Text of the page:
This High Schooler Built A Global Nonprofit

Michael Ioffe, a high school senior in Portland, Oregon, wants to study business in college. He’s interested in finance and architecture, and hopes to work in affordable housing someday. But on the way to fulfilling those dreams, Ioffe ran into an early snag. He had his eye on a business camp that he couldn’t afford.

Though he ultimately earned a scholarship to attend the camp, Ioffe’s eyes were opened to the difficulty many have in accessing quality educational resources, particularly for young people pursuing business. So he came up with a solution, at least in his hometown: a speaker series in which he invited local business leaders and entrepreneurs to give talks.

One whirlwind year later, he’s now the founder and executive director of Talks on Innovation, Leadership, and Entrepreneurship (TILE), a nonprofit speaker series with 57 chapters in 12 countries — operating on a budget of just $500 a year.

“I realized that this was a need within the community,” he says. “Students weren’t receiving the enrichment opportunities that they needed. And this is a void that exists not just in Portland but around the world.”


Michael Ioffe, high school senior and executive director of TILE. Courtesy photo

Ioffe wanted a low-cost, low-commitment way for students to bridge what he calls the “resource gap.” Many nonprofits are limited because they don’t have enough money, he says, and many students don’t have the cash to sign up for extracurricular activities and may not want to commit more than a few hours at a time.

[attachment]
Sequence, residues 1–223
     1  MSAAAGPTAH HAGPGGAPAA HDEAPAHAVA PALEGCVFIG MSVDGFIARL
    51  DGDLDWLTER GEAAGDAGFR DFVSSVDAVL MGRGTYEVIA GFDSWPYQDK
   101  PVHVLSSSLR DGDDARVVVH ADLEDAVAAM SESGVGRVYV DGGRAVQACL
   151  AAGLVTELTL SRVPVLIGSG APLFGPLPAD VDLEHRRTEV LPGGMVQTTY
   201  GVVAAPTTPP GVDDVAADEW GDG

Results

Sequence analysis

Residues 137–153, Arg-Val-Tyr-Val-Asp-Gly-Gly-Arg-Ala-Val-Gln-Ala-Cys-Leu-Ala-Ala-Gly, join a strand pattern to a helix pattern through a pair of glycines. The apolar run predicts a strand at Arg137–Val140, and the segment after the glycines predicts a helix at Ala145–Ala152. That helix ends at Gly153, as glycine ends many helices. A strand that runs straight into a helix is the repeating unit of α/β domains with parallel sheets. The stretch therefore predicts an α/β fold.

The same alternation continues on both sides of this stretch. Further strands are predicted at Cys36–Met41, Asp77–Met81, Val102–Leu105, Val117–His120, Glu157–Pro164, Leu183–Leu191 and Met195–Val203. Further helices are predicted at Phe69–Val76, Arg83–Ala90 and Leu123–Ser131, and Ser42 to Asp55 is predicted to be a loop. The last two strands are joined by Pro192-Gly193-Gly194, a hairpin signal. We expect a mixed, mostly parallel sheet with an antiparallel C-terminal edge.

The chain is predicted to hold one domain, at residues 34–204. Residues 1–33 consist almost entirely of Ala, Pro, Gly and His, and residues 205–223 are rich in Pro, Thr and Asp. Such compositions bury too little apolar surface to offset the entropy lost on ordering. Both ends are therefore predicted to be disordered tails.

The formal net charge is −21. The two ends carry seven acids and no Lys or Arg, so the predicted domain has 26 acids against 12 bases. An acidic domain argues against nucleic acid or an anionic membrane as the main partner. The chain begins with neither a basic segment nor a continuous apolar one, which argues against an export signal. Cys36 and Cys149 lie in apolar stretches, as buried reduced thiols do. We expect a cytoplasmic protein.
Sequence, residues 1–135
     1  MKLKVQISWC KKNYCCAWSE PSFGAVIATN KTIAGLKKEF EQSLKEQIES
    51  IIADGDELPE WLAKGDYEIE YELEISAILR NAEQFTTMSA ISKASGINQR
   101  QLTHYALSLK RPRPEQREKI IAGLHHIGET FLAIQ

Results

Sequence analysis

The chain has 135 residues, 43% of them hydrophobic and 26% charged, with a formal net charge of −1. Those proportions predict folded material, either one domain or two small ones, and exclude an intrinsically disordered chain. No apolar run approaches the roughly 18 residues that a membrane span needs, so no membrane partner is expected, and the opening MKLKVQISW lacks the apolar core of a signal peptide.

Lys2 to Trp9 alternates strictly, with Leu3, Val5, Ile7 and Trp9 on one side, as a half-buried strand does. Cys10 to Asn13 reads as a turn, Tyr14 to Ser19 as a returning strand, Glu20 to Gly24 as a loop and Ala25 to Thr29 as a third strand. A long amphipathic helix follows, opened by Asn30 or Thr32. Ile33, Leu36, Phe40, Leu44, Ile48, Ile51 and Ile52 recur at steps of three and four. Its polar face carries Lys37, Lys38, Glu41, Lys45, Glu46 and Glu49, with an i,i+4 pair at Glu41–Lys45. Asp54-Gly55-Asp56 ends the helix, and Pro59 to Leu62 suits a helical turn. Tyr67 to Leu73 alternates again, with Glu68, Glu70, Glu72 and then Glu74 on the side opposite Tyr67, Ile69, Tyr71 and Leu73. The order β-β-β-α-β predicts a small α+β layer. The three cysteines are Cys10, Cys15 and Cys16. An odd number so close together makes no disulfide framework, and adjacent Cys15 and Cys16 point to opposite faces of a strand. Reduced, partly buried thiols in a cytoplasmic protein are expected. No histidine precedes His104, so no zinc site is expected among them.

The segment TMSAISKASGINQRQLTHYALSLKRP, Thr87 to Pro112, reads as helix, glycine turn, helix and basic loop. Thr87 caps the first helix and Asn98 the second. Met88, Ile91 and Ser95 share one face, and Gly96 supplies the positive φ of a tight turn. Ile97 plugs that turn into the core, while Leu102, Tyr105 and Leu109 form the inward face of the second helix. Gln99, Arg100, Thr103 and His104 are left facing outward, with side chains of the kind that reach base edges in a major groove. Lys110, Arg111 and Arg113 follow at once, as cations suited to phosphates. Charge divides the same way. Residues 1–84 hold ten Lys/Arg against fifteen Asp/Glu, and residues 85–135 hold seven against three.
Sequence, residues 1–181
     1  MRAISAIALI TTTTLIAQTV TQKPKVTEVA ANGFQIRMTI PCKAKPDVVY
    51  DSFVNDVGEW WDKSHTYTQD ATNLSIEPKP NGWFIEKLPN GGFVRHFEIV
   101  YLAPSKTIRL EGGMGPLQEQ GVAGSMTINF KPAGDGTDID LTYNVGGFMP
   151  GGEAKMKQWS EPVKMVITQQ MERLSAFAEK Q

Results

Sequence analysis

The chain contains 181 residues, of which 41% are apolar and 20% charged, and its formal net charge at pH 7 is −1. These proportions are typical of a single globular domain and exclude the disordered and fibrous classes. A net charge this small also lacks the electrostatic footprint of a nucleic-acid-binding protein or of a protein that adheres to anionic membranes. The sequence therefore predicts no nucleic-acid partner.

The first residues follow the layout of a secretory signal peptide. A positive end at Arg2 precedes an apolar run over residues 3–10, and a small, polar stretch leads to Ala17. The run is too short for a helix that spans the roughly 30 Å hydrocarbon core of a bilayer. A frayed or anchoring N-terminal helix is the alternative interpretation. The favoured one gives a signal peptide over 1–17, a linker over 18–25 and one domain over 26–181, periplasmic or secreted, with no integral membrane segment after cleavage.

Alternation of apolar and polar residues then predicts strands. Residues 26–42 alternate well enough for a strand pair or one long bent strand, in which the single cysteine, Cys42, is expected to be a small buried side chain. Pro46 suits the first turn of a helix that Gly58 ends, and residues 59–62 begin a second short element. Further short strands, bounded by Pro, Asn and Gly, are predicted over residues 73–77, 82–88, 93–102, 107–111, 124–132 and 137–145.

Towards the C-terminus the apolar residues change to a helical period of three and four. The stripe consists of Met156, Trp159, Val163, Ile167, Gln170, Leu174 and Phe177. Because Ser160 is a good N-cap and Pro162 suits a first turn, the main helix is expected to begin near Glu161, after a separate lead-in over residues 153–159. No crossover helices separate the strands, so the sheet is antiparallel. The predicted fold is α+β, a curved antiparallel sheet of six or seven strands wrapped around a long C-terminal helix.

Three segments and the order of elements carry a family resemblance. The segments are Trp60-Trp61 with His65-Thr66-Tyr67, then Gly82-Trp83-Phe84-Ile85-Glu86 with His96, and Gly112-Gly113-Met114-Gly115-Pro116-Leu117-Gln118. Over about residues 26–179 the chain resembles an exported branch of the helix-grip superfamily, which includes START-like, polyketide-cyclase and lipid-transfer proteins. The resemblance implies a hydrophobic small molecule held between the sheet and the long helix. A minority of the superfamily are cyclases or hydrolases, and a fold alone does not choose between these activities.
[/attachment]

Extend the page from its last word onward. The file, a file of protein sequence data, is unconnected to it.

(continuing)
He hoped a volunteer-based speaker series could circumvent those barriers, and allow more students to receive potentially life-changing advice, insights, and inspiration at an early age.

The Portland events was called the Stumptown Speaker Series. He enlisted Cloudability’s Mat Ellis, Zoom+’s Dr. Dave Sanders, and many other entrepreneurs for talks. The events were hosted once a month, and over the course of a year, Ioffe says around 500 students attended the events – from high schoolers hoping to study business in college to college graduates hoping to pursue MBAs. 

It was a lot of work to set up, but once Ioffe had a system in place, he says he realized his template could work in practically any city in the world – anywhere that business leaders are willing to speak. So he decided to give the template away.


The TILE model is meant to streamline the process of setting up and operating a speaker series. At, students interested in starting speaker events can submit their names and email addresses. Ioffe will make sure there isn’t already a TILE chapter in the area and he’ll vet the potential chapter leader. His only hard rules are that the chapter leader must be a student, and the speaker events must be free.

“We look for students who are passionate about what we’re doing on a broader level,” he says. “And also students who are ambitious and who will do the work. It’s no easy task, but it’s a commitment that will help the community.”

If everything’s in order, he’ll send over the TILE manual for free. Chapter leaders still have to find the speakers themselves, but the manual provides benchmarks, processes, and case studies, all based on Ioffe’s experience starting a series from scratch.

Now that the Portland chapter is in it’s second season, Ioffe says they’re able to share what they learned the first time around, and they’ll continue to update the manual as they go.

“The manual has a pretty comprehensive description of how to start a speaker series,” he says. “We also have a support team, so if a TILE chapter leader ever has a question, we reply to them within 24 hours – which provides a sense of security as well.”

But for the most part, he says TILE chapter leaders don’t contact him with too many questions. He’s only involved in the setup. After that, it’s pretty hands off.

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